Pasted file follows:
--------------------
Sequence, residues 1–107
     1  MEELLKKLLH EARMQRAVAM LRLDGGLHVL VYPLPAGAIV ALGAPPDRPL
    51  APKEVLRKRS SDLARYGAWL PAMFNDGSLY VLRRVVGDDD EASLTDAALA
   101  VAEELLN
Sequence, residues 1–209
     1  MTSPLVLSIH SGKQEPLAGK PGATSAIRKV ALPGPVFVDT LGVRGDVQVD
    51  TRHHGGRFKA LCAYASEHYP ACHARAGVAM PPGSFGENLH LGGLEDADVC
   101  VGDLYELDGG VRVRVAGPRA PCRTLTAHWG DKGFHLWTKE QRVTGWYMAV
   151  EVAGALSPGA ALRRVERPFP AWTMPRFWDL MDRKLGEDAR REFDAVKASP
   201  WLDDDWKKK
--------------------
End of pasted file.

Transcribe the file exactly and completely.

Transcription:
Sequence, residues 1–107
     1  MEELLKKLLH EARMQRAVAM LRLDGGLHVL VYPLPAGAIV ALGAPPDRPL
    51  APKEVLRKRS SDLARYGAWL PAMFNDGSLY VLRRVVGDDD EASLTDAALA
   101  VAEELLN
Sequence, residues 1–209
     1  MTSPLVLSIH SGKQEPLAGK PGATSAIRKV ALPGPVFVDT LGVRGDVQVD
    51  TRHHGGRFKA LCAYASEHYP ACHARAGVAM PPGSFGENLH LGGLEDADVC
   101  VGDLYELDGG VRVRVAGPRA PCRTLTAHWG DKGFHLWTKE QRVTGWYMAV
   151  EVAGALSPGA ALRRVERPFP AWTMPRFWDL MDRKLGEDAR REFDAVKASP
   201  WLDDDWKKK